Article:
May 10, 2016 · 5 minutes

I’m a day late to my weekly review of HBO’s Silicon Valley and much has already been written about the episode.

The New York Times wrote how the entire “Oceans 11” build up of the skunkworks plot to “take back” Pied Piper, where we along with Richard and his crew envision months of hijinks and skulking, all to be undone by Richard tripping and dropping a folder detailing the plans at the very end of the episode showed just how much the creators are willing to eviscerate Richard’s hopes and dreams. It’s a brutally callous way to toy with the main character, especially when that character is the young brilliant engineer founder -- the thing that Silicon Valley is ostensibly built around.

That in and of itself is a stunning observation.

Vanity Fair, Reddit, and others have made an argument that Paul made to me as well. That “Meinertzhagen’s Haversack” (signaled to be important as the name of the episode) doesn’t actually mean what Jared says it means. Jared says it refers to continuing to act the part, camouflaging a secret plot. It doesn’t: It refers to pretending to lose secret plans of a secret plot as a diversion to the actual plot.

In other words: Was the real twist that Richard meant to spill the plans all over the floor? Is the Twist still to come? Or is Judge just doing that to fuck with us in triplicate, and Jared was just wrong?

If that’s the case, wow… this show really is designed for comic-book-guy like nerds. You now have to watch it with Wikipedia open.

Either take shows just how upped the game is from dick-joke riddled episodes of Silicon Valley’s past.

I guess my own small observation watching the episode is pretty pedantic in contrast. While critics for the New York Times and Vanity Fair find their sympathy and respect rising for Richard, I find mine falling. The biggest takeaway I had: Yep, he deserved to be fired as CEO. And he probably deserves to be fired as CTO too.

Let’s forgive Richard the early gaffes of the company, and focus on what has happened since being replaced. In his great stand to Jack Barker on why the engineering team can’t abandon the platform for an enterprise box, he caves in about five seconds. Another tactic could have been calling Barker on his bullshit flattery of “I can’t take this job if you are out” in episode one and saying he’ll quit and take his engineering team if Barker doesn’t trust his vision.

How much does Richard really believe in this? Not enough to even risk his job? When a few episodes ago, he was willing to walk away from Pied Piper because of nothing more than a bruised ego?

No, instead he turns to the board. Now, admittedly if you have actually tried to talk some sense into the CEO and he will not listen, the management turning to the board isn’t a bad strategy. But again, you show a small degree of balls. Hash it out at a board meeting. Bring the rest of managment with you to back you up. Don’t skulk into a meeting and then ask your investor not to say you came to talk to her. My four year old shows more courage in ratting his sister out.

Then he lets Erlich go talk to Barker, which he doesn’t think is a great idea but sort of sighs and says “If it’ll make you feel better.” Is this about Erlich’s feelings or tactically trying to save the company?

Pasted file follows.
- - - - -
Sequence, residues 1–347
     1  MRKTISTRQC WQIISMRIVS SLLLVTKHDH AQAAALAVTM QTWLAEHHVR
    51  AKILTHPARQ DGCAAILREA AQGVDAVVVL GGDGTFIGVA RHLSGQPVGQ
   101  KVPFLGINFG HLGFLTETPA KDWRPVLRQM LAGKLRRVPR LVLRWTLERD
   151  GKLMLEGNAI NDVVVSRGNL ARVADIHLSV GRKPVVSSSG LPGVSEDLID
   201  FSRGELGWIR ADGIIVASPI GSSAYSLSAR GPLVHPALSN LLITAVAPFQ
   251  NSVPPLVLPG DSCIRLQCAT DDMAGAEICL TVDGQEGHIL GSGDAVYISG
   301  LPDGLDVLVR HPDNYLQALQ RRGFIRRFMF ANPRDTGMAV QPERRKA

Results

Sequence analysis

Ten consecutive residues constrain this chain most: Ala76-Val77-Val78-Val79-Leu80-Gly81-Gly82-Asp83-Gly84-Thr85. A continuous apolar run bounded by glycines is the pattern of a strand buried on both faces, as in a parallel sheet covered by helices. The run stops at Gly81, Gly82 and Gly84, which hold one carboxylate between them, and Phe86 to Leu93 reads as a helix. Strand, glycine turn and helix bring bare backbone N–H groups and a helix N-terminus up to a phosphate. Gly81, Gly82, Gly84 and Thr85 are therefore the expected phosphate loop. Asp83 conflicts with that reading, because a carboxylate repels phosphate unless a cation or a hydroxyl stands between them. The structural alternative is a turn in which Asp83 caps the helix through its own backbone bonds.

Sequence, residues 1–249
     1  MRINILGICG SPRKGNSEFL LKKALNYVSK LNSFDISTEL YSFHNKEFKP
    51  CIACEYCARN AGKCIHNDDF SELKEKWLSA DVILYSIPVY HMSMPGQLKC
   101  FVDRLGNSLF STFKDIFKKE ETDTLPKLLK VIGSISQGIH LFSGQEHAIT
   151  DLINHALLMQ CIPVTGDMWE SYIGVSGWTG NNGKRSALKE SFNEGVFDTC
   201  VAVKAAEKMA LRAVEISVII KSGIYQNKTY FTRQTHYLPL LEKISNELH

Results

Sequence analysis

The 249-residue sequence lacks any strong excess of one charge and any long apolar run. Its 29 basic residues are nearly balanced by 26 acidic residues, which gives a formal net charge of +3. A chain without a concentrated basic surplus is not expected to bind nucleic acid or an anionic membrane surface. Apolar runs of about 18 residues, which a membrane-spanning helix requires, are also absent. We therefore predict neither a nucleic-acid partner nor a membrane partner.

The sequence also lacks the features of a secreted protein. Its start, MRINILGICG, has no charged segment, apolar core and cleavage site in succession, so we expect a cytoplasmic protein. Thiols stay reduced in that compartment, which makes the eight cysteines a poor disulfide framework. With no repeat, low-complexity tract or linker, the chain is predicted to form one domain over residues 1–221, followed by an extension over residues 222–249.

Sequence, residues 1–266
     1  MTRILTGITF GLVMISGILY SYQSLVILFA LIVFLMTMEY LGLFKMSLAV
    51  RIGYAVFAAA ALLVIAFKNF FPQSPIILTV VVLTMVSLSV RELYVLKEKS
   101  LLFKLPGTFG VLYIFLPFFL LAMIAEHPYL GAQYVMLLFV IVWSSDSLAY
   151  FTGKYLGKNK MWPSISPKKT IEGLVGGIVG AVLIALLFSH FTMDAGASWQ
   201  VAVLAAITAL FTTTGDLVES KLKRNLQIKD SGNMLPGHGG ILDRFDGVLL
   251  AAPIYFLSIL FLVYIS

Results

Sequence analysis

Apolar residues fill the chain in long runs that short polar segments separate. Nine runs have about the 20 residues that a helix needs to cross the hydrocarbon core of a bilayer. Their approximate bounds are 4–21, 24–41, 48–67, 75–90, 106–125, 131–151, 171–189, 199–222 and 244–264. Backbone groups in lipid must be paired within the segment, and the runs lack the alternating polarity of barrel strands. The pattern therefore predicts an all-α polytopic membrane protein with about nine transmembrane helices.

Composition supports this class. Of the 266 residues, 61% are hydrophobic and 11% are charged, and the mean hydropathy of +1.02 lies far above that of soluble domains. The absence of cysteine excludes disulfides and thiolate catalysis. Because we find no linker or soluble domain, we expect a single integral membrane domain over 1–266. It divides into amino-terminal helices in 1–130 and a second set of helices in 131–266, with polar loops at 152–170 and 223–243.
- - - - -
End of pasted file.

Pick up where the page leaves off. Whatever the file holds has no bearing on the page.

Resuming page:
And then there’s the painful scene in Barker’s office, where Barker shows Richard exactly how he should have handled it. When his “boss”-- the board member-- tells him he should abandon the box, Barker threatens to quit and she backs down. And then he confronts Richard, telling him he knows he went to Lori.

Voila. There is a reason one of them is in the CEO chair, even though his product vision is atrocious and his technical knowledge is non-existent.

If this is how Richard deals with a threat, what future would this company have under his leadership? Still Richard’s plan is to stay at Pied Piper, not take a stand, and just undermine the CEO and build what he wants gambling that Barker will have to embrace it. If Barker had no balls, yes. That is what Richard would do as CEO, yes. But Richard has shown he hasn’t even learned how different Jack is as a CEO from the interaction they just had.

The emphasis on “continuing to act the part”-- the mistaken explanation for Meinertzhagen’s Haversack-- is fitting in this sense too. Because all of our protagonists -- Richard, the engineers, Erlich-- all they do is “act the part.” That’s all they’ve done for three seasons.

The one thing that has consistently bailed them out is the technology. And when people like Monica defend sticking with Pied Piper or backing Richard it is always in the name of the technology. What is the best use for this technology? It’s certainly not in Barker’s hands, nor is it to stay in Richard’s hands. Arguably, the best use of the technology would have been that original offer Hooli made.

As Silicon Valley dramas go, that’s about as dark as the office getting exploded at the end of Office Space or the country being ruled by an unintellectual moron in Idiocracy… oh wait, that one might be actually happening.

Dick Costolo-- a consultant this year who was in the writing room every week-- has worked hard to downplay his role in the show. But it’s hard not to see Richard as either an Evan Williams or a Jack Dorsey: A non-confrontational founder who felt aggrieved at losing his company, built divisive tribes inside it, and did end-runs behind the CEO’s back with the board to get his job back. Meantime, continually bailed out by a great product everyone loved.

Yeah…. Costolo was just sitting in the room adding nothing...